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polystyrene foam

Two Ontario, Canada, Municipalities Resume Polystyrene Foam Recycling

Brockton and Hanover received grants to expand post-consumer polystyrene foam processing capabilities.

Residents and businesses in the Ontario, Canada, municipalities of Brockton and Hanover now have the opportunity to recycle polystyrene foam thanks to a $9,700 grant from the Foam Recycling Coalition (FRC).

The municipalities began collecting post-consumer polystyrene foam in 2007, but the recycling program was suspended 10 years later due to changing markets for the material. The recycling services will resume with the help of a polystyrene densifier, which compacts collected materials into condensed polystyrene bricks. End markets then recycle the bricks into new products.

“The discontinuation of the agreement to transport materials in 2017 was sudden and unexpected. With this grant from the Foam Recycling Coalition, we found a solution that allows us to begin collecting polystyrene again and bring back this service to our residents,” said Ron Cooper, director of public works for the town of Hanover, in a statement.

Brockton and Hanover’s waste management departments will operate the program via community drop-off depots. Businesses and residents can bring foam cups, take-out containers, egg cartons and meat trays, as well as protective foam packaging often found around shipped electronics. The material then will be sent to a central location for densification and turned into new products as varied as crown molding, picture frames and receipt spools.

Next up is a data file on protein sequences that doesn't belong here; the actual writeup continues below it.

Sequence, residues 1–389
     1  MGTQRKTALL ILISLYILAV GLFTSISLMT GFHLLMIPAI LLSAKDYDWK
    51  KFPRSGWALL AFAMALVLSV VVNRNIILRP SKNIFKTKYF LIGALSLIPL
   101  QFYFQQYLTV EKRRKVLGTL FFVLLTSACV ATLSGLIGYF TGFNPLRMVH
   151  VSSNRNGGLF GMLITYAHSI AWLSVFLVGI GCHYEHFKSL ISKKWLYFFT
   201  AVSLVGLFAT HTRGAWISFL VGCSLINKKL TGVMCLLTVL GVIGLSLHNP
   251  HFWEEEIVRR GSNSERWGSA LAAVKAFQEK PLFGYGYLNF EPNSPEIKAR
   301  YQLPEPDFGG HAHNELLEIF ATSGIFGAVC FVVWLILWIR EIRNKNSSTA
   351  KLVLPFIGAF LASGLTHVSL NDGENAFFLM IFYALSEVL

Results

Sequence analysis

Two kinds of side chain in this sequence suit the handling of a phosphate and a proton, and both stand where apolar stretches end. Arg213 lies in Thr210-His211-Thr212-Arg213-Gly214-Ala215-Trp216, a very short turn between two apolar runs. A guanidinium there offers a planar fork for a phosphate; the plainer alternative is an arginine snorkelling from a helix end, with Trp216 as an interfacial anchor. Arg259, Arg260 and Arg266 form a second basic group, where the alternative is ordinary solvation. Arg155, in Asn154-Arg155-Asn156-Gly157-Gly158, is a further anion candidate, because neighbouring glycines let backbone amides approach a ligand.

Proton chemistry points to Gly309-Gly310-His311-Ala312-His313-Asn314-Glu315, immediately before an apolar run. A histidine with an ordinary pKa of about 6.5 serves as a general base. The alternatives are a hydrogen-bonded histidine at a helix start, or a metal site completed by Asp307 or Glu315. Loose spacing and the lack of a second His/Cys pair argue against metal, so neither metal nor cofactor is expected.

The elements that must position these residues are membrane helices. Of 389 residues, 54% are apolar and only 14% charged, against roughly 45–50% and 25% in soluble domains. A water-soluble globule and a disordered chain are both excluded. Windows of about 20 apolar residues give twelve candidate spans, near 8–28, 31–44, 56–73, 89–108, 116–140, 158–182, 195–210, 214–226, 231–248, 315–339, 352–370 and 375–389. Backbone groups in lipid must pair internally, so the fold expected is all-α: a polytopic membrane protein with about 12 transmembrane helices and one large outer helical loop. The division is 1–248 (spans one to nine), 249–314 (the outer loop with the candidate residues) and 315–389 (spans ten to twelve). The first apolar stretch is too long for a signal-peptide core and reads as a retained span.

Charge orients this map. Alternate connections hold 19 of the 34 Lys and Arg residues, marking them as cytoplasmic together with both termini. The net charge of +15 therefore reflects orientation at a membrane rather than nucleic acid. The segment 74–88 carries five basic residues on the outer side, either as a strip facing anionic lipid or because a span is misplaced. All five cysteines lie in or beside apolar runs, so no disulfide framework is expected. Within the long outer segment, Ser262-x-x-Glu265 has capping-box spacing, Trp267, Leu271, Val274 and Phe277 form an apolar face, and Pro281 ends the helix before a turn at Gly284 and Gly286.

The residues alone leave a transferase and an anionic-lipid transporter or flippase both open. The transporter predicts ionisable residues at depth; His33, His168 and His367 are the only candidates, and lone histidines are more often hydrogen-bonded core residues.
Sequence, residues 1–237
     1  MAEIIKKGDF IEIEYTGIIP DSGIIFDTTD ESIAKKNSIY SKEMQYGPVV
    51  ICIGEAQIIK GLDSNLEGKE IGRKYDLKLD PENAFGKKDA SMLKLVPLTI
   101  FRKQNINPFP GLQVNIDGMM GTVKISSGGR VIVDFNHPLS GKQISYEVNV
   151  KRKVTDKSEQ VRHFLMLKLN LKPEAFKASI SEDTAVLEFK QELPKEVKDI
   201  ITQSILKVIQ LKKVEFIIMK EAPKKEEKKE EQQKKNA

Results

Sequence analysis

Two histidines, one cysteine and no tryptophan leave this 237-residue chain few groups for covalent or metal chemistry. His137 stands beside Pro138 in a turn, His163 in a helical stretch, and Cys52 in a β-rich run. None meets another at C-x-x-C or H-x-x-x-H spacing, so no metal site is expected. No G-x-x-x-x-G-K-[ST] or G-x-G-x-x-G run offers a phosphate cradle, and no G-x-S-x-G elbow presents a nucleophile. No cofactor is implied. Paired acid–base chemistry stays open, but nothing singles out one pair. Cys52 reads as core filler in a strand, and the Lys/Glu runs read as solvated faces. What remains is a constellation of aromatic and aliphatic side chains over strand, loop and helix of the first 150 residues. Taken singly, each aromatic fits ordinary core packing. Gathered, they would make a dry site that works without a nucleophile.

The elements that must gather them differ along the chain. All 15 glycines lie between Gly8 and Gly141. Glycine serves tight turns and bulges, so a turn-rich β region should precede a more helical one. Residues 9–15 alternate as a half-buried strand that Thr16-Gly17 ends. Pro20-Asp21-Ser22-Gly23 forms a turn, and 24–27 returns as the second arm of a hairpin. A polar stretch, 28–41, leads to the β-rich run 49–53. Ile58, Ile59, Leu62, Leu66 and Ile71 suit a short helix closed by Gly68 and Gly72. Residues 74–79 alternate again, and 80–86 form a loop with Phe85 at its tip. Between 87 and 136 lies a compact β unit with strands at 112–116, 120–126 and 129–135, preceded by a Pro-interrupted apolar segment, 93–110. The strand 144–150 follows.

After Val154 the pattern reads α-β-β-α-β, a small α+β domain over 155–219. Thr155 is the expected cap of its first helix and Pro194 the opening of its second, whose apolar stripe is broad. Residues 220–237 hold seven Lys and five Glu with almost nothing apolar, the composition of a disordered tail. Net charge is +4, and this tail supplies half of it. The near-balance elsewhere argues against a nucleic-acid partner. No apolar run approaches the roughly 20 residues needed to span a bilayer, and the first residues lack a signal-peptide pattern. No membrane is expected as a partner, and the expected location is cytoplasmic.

The Canadian Plastics Industry Association provided assistance in connecting the municipalities with the Foam Recycling Coalition’s grant program and is helping with the official kickoff event at the Brockton Recycling Centre on May 31.

The municipalities anticipate they will receive material from approximately 17,000 residents. In time, they plan to offer access to foam collection to the neighboring communities, too, which will bring access to a total exceeding 63,000 residents.

“We congratulate both municipalities for their never-give-up focus to once again find a solution for foam recycling. Everyone benefits when these valuable materials are recycled in the communities they serve, instead of going to landfills,” said Lynn Dyer, president of the Foodservice Packaging Institute, which houses the coalition, in a statement.

The grant is made possible through contributions to the FRC, which focuses on increased recycling of post-consumer foam polystyrene. Brockton/Hanover is the 11th grant recipient to receive FRC funding since 2015. According to the coalition, more than 3 million additional residents in the U.S. and Canada can recycle foam as a result of FRC grants.

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